There’s nowhere to put my tools. Well, that’s not completely accurate. I mean, I have approximately 800 square feet of space to work with — more space than your average big-city apartment — so there’s plenty of room. But there are no places. The handful of tools that have made the journey sit piled on the floor haphazardly.
Shop areas fall into one of two basic categories— storage and workspaces (frequently in tandem). My in-progress shop drawings are essentially, “These things go here and I can do this there.” Like a well-designed kitchen, thought has to go into how the space works when used. Which major operations occur in a row? Which tools are required when working through a series of steps. How are materials both out of the way and close at hand?
When beginning something new, sometimes the most difficult part is where to start. You’re feeling creative and inspired. The ideas are there, but they need a toehold, so you scratch your head trying to find the perfect one. There is no perfect one. Nor does there need to be. Everything is editable. I don’t need to be satisfied that I’ve got the whole thing perfectly sorted. I just need to start. And I need places to put things.
Starting is easy when you allow yourself to make it so. What’s easier to build then a bit of shelving? Not many things. Utilitarian. Stable. Durable. Simple.
And so, I get to begin. My first sounds of making within these walls.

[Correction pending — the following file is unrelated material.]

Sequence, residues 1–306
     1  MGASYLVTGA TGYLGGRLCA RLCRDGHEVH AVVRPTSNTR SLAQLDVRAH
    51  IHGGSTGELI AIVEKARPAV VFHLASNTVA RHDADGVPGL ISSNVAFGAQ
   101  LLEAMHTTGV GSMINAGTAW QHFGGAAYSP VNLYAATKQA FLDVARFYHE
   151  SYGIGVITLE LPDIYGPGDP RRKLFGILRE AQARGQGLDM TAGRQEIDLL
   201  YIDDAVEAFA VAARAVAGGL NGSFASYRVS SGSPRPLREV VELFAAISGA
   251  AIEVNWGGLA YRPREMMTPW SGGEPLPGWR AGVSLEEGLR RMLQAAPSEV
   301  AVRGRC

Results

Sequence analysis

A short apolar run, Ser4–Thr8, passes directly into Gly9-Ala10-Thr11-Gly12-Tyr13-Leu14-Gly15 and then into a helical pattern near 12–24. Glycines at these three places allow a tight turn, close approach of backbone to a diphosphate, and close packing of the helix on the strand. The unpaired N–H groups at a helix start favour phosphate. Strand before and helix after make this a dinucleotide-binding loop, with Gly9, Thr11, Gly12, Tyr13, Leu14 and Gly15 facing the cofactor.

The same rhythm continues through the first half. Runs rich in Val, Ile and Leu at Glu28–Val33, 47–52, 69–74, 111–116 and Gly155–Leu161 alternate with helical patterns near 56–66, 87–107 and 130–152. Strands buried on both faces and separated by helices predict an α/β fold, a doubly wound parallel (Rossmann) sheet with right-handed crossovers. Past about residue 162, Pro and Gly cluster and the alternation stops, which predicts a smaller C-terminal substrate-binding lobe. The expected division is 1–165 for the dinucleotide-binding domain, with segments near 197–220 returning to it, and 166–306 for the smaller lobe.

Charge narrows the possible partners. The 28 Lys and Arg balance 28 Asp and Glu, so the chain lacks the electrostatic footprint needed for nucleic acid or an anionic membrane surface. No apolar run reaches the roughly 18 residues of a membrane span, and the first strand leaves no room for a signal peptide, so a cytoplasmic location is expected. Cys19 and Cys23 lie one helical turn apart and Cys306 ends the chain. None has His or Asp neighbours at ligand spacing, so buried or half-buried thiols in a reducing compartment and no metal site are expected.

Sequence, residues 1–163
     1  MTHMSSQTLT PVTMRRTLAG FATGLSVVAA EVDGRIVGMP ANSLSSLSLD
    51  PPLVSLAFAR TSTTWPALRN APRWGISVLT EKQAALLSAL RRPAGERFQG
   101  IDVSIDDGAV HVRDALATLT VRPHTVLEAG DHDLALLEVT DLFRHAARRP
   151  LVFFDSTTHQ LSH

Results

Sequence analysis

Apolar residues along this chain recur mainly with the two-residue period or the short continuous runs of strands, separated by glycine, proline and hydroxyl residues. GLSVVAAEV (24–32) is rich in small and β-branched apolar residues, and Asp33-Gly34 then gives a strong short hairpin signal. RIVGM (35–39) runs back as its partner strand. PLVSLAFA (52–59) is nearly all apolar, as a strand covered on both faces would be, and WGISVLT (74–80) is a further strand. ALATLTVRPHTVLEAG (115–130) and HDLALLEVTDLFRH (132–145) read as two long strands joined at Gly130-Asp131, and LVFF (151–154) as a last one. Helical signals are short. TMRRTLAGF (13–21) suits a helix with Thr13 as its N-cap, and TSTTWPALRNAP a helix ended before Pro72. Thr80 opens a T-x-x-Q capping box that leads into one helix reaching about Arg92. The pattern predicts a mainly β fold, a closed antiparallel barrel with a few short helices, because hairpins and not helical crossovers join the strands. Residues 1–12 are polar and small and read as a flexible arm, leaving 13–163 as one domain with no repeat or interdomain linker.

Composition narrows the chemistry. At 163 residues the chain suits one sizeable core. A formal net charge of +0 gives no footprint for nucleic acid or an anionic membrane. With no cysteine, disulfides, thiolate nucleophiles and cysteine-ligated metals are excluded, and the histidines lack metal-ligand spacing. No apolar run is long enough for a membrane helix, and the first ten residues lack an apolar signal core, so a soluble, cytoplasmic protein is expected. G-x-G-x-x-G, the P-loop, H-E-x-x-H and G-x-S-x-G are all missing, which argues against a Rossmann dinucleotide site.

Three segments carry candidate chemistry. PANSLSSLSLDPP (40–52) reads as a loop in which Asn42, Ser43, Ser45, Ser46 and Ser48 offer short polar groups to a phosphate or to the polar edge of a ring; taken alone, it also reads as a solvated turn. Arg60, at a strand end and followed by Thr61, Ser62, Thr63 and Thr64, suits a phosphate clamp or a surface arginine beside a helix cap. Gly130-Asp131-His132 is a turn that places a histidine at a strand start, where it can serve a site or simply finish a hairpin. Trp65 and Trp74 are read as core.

In truth, this is more of a construction project than woodworking. 2x4s, 3” screws and a nail gun. No sanding or finishing required. Still, it feels good to see how the light shines into my new shop. To smell fresh sawdust. To move something from thought to paper to product.
Woodworking suits me. It’s pretty solitary work, just me and my dog. I’m far from introverted, but I am quite comfortable being alone. Moving my hands. Thinking through the steps. Confidently turning one thing into another. Still, I consider my new neighbors. How early is too early to be running power tools? I suppose we’ll find out together. No knocks at the door, yet.
I don’t have a workbench. I make do with two sawhorses spanning a section of plywood, but a workbench of some sort needs to come next. That’s how it works. At least, that’s how I work — need dictates order.
Esme hasn’t yet accepted our new place. Her shop-sanctioned dog bed sits empty while she stands warily by a stack of lumber. Everything takes time.
And after some time, things take form. As they do. Two new walls of utilitarian shelving. The first impressions of the footprint this new shop. The space a little more defined. Inching toward an outcome I can’t seem to fully visualize just yet.
Those who know me will often ask, “What are you working on?” They mean woodworking, but I’m always working on so many things. Do I talk about my current art project? Leathercraft? The scarf I’m knitting? The books I’m writing that are still closer to their beginnings than ends? I guess for a while I can say, “Oh, building stuff for the shop.” I should get a few years out of that.
And in my downtime, ya know, I should consider learning a foreign language. Maybe French.